The Gospel of Luke 12:49–53, if read and interpreted regardless of its historical context, can be a text of terror in the context of Indonesia’s pluralism. This text can be used to give legitimacy to attitudes of religious extremism that perpetuate violence, opposition and the politicisation of identity, which results in conflict and division. Followers of Jesus can postulate that Jesus has shown that his way is the way of division, and that is why the path they are taking is also the way of division. Readings and interpretations such as these are not only taken out of the context that produces the essential meaning of the text, but also bring disaster to humanity, which is contrary to the noble nature of the presence of religions (also Jesus’ mission) – to bring peace on earth.

On the contrary, reading and interpreting scriptural texts with a historical theological approach within the pluralistic sociocultural lens of Indonesia reveal some essential meanings of the Gospel of Luke 12:49–53. Firstly, religions should require a ‘fire’ in the midst of their struggles in the world. The religious fondness for allowing oneself to be an instrument of propaganda, violence and conflict needs to be transformed. Jesus’ foretelling that he will come to throw fire onto the earth aims to purify humanity from various tendencies to commit evil and oppress others. In fact, the oppression that caused the suffering must also be experienced by Jesus because of the greed of religious and imperial powers at that time, which was unjust. However, in the Gospel of Luke, Jesus’ agonising suffering is interpreted as a baptismal deed – immersing himself completely in God’s grace to offer salvation and peace to the world. It inspires Christians to be brave, although they have to face the threat of disaster to present peace in the world. Being Christian in the Indonesian context means not merely waiting to have peace, but rather struggling to bring peace.

Secondly, religion needs to be aware of its nature as a source of peace. Jesus’ rhetorical statement, ‘[d]o you think that I have come to bring peace on earth? No, I tell you, but rather division’, emphasises the answer to a reality outside of it that actually lies in the existence of the speaker. The Gospel of Luke summarises the existence of Jesus, who came into the world to bring heavenly peace from God so that all creation in diversity can enjoy it. In other words, the existence of Jesus is a source of peace. Then, Jesus’ expression is closely related to what Frans Magnis-Suseno said about the politicisation of identity. Jesus reminded his disciples to be vigilant and not to be people who are infatuated with politicising their religious identity to clash with one another’s religious communities. That is what happened in the time of Jesus. Because of the different responses to Jesus’ return, his arrival is seen as a source of division. Religions have their own uniquenesses that distinguish them from one another. The uniquenesses cannot be reconciled, but they also do not have to be opposed; they can be valuable and embraced as a combination of positive energy to advance harmonious coexistence. In Indonesia, embracing differences has become a shared vision of the founding fathers of this nation by accepting Pancasila as the basis of our country, as well as embracing the diversity of the nation according to the motto of Bhineka Tunggal Ika [Unity in Diversity].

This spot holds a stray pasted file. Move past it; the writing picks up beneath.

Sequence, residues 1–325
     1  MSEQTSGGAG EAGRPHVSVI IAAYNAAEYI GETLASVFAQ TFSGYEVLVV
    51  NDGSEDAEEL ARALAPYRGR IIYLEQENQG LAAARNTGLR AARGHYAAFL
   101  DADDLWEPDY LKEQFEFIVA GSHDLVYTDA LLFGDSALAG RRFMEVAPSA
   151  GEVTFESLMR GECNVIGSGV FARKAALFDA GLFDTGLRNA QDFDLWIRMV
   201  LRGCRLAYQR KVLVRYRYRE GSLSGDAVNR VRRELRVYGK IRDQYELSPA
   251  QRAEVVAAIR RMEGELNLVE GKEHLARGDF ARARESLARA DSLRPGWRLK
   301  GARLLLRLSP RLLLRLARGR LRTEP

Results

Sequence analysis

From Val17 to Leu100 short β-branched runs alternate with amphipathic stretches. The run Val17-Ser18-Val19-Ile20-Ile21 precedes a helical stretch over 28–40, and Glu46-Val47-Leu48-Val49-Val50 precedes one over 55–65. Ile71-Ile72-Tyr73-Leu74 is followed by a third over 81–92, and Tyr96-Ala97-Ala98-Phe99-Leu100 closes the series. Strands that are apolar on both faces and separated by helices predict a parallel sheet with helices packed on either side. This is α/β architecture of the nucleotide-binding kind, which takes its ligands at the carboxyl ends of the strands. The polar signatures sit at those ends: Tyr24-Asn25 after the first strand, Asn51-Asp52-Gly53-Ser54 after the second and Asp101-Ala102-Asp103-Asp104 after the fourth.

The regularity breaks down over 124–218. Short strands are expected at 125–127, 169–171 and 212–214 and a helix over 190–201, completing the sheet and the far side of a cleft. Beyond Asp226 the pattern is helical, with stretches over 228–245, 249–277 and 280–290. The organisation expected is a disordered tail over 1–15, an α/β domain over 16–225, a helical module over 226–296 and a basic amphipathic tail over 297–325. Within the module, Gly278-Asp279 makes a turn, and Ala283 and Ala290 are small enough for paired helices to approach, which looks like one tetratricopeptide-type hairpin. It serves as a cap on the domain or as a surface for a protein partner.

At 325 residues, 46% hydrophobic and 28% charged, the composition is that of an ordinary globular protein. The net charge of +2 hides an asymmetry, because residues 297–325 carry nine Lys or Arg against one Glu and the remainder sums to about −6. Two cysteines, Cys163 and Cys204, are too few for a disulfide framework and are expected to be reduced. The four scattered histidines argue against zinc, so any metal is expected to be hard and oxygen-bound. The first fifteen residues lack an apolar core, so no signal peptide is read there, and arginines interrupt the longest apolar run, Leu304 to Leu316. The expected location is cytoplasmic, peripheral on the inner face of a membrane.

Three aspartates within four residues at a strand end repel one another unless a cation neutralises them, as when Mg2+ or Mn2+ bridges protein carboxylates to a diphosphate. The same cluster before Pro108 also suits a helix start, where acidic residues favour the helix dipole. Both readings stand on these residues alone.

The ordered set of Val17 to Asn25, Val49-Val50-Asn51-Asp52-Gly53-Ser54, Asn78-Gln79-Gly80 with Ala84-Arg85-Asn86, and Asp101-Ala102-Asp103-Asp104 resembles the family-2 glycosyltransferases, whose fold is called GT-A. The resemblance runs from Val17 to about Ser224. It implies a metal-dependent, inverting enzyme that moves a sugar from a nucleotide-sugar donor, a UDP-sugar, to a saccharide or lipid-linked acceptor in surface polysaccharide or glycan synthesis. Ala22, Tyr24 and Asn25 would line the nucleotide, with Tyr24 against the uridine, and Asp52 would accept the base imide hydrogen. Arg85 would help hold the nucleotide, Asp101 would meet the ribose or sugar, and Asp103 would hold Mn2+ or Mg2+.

Thirdly, Jesus’ teaching reminds religious people to make the family a basis for building harmony in diversity. Families must not be hostile to each other just because of the different religious belief responses. If this text is read in the culture of one community in Indonesia, namely, in Maluku, then the real harmony of families of different religions is a social reality and a theological reality. The Maluku people have lived for a long time in the pela-gandong cultural heritage, which asserts that all Moluccans, whatever their different religions and tribes, are fellow brothers [pela] who come from the same womb [gandong] of the Maluku ancestor (Lalopua & Iwamony 2019). The primary goal of living together as pela-gandong, unity in diversity, is to embrace and be embraced (Iwamony, Gaspersz & Souisa 2019). The culture of pela-gandong emphasises a collective identity of the community as fellow brothers and sisters conceived from the womb of the same ancestor. When people then embrace different religions and live within their respective religious communities, the bond of brotherhood is still built up in the cultural rituals of pela-gandong (Lestari & Parihala 2020:51).